One of the biggest draws to roleplaying games is the ability to be someone other than yourself. But that can also be one of the biggest challenges for some players. After all, you have tons of experience being yourself. Not many people get the opportunity to be someone else. One of the most helpful ways to ease into the shoes of someone different can be to think about it in advance and create a cheat sheet for yourself to help you more fully understand your character in depth.
Make a Cheat Sheet
Start your cheat sheet with your background and storyline. You can look at our blog post on giving your character a background for more information on how to do this. Then answer some of the following questions on the sheet to help you determine what they would do in any situation.
Top 5 Good Things
Make a list of the top five things your character thinks are good. They could have an extreme love for candy. Or it could be beer, wenches and rock and roll. Ask yourself what are the things that would motivate your character into action. What would they lay their life on the line for?
Top 5 Bad Things
Make a list of the top five things your character hates or thinks are bad. Do they hate flowers? Or maybe they have had horrible experiences with wine. The things they hate can also be motivators. Whether it be due to an experience in their past or just an extreme dislike, determining these things will also help you determine what they would go to lengths to stop or avoid.
Would your character rather rob a bank or bring down a dictatorship? When walking into a city, would they head to the pub or look for a weapon vendor? Are they motivated by saving a life or lining their pockets? These types of questions can help you determine what activities your character would jump at and what their driving forces are.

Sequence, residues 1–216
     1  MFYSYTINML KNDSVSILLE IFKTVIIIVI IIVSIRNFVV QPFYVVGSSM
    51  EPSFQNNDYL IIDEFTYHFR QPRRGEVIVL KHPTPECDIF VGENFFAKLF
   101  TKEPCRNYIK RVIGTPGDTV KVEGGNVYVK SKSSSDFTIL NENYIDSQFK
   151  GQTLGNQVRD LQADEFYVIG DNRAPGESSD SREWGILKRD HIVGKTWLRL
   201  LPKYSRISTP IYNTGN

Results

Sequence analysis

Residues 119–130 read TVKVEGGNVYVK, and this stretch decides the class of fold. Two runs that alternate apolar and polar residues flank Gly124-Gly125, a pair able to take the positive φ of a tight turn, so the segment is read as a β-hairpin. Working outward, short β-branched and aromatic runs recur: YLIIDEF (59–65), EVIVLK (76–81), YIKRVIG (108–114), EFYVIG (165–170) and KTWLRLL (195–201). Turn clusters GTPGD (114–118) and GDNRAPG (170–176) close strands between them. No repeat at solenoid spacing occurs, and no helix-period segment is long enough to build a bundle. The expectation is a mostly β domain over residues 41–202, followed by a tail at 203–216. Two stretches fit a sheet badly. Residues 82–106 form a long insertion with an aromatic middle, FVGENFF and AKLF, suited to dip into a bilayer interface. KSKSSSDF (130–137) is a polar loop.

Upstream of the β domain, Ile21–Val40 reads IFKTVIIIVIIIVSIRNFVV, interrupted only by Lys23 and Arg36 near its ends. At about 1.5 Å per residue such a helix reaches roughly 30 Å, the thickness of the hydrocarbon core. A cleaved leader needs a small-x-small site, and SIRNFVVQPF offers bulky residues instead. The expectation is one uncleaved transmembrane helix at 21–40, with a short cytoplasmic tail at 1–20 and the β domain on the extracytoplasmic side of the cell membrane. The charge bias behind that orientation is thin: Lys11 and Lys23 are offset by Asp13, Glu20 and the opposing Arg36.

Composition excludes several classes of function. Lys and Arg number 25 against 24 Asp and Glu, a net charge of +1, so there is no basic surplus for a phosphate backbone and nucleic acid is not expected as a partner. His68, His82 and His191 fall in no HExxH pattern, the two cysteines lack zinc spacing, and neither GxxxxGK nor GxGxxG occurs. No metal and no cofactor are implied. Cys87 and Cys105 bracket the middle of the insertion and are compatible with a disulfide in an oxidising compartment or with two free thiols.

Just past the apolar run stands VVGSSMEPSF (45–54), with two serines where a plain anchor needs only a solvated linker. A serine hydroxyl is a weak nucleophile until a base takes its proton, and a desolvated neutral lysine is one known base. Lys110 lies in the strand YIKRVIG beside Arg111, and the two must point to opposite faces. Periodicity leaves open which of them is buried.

Would your character look down their nose at street musicians or beggars? Or would they jump in to stop a thief? What would disgrace them to the point of despair? They could possibly be motivated by hearing that someone is being repressed. Or they may be against corporations. These are the things they would never do and would go to great lengths to stop others from doing.
What Would Your Character Do?
A little “role playing” on your cheat sheet can give you a head start on how they would act in the game. So set up some scenarios in your head and think about how your character would react to them. Some sample scenarios could be:
Your character is walking down the street. They look up and see a woman being attacked by three muggers. What would your character do? Would they walk away, would they stand and watch curiously? Would they jump in to help the woman? Or the thieves?
Your character is in an empty room with easy loot. They could take it without anyone knowing. What would they do? Would they take the high road and not touch it? Would they take it but let their fellow questmates know? Would they pocket it and think finders keepers?
Your team has gotten all the information from a prisoner that they can. You have a choice, do you release them? Do you tell them to spread the word about what happens to those who mess with you? Do you leave them tied up? Do you kill them?
Setting the moral compass and reactions of your character to these kinds of scenes can help you in the transition to playing as someone else. They could be very similar to how you would react in real life. Many players find that easier. Or it could be your chance to play the completely evil character of your dreams. It could be a real stretch or feel as natural as being yourself. But it’s important to determine these factors before you even start.
For more help and discussion on building a good character, you can join us in our chat where we talk all things tabletop gaming. Or you can watch characters in action by watching the Scorched Dice twitch feed.